NCMB Executive Director Reynaldo R. Ubaldo yesterday reported to Labor and Employment Secretary Rosalinda Dimapilis-Baldoz the settlement through conciliation of the complaint filed by the family of a seafarer who died while on seafaring duty.
The complaint, involving Adfil Shipmanning and Management Corporation, was filed by the family of Resty G. Artuz who was a bosun on board the MV Unta.
The company hired Artuz for a period of ten months. On 26 May 2012, while on board the vessel, he fell to the waters and his body was not recovered.
Artuz’s wife, Rosita, and their son, Renald, accompanied by Atty. Romulo P. Valmores, came to the NCMB NCR regional office on 14 June 2013 to request assistance in claiming the death benefits of the deceased bosun, including attorney’s fees and other damages.
On the same day, Rosita and Renald and the representatives of Adfil Shipmanning and Management Corporation mutually agreed to the amount of $91,882 as full and complete settlement of the complainants’ claims.
The complainants received the amount of $72,655.98 (roughly P3 M) after deducting advance payments of $19,226.02 made by the AMOSUP and AMWA. They also signed their quitclaim in favor of the company on the same day.
NCR OIC Amorsolo V. Aglibut facilitated the settlement.
Meanwhile, the NCMB NCR regional office has also settled through conciliation the complaint filed by Larry T. Torrigue, a bosun onboard the MV/CMA CGM Africa, against his manning agency, Southfield Agencies, Inc.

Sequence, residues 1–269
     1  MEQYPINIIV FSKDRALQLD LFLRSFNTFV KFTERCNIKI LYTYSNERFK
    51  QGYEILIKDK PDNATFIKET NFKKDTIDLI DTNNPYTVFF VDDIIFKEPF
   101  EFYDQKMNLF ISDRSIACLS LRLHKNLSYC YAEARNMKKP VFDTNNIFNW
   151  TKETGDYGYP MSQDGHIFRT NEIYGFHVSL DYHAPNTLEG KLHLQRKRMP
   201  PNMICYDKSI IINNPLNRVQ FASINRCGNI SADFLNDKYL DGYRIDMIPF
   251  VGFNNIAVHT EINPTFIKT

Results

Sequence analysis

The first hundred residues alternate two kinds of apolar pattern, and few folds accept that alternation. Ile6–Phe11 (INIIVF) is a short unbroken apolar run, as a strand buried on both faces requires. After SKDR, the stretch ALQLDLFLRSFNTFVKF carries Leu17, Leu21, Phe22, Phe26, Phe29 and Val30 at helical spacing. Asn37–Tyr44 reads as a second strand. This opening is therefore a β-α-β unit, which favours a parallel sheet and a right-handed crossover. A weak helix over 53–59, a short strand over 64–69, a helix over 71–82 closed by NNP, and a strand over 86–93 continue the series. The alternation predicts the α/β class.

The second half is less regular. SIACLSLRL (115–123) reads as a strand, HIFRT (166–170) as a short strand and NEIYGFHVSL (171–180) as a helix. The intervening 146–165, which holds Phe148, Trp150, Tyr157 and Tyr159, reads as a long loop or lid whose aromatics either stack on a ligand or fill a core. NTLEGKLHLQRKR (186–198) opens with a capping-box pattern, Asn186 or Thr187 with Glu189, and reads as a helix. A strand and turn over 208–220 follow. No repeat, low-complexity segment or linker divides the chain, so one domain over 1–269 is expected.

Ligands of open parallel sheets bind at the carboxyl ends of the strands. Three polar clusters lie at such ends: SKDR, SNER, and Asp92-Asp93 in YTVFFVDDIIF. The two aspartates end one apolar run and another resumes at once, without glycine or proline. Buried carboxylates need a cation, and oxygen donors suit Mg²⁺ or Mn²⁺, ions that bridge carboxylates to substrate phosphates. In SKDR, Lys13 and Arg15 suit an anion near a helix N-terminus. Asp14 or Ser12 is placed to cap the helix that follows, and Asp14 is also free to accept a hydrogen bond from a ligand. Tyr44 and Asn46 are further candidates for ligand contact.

Torrigue developed the illness hemuturia secondary to benign prostatic hyperplasia (BPH) and was declared unfit to work, resulting to his repatriation and hospital confinement in the Philippines.
He sought the assistance of NCMB NCR on May 14, 2013, claiming full disability benefits and attorney’s fees in accordance with the CBA.
On 16 July 2013, after a series of conciliation conferences, Torrigue and representatives of Southfield Agencies mutually agreed to P425,080 as full and complete settlement of his claim.
Conciliator-Mediator Edgar Aquino facilitated the settlement.
“In both cases, we used conciliation and mediation to explore options for settlement that are beneficial and acceptable to both parties,” Ubaldo said in his report.
“The parties knew that if they proceeded with litigation, their case would drag on for months, even years, which would not be advantageous to both of them,” he added.
He invited seafarers and other workers who have similar complaints to approach the nearest regional branch of the NCMB to take advantage of the Board’s conciliation-mediation services.
END/William E. Calina
A report by Diadema E. Aguirre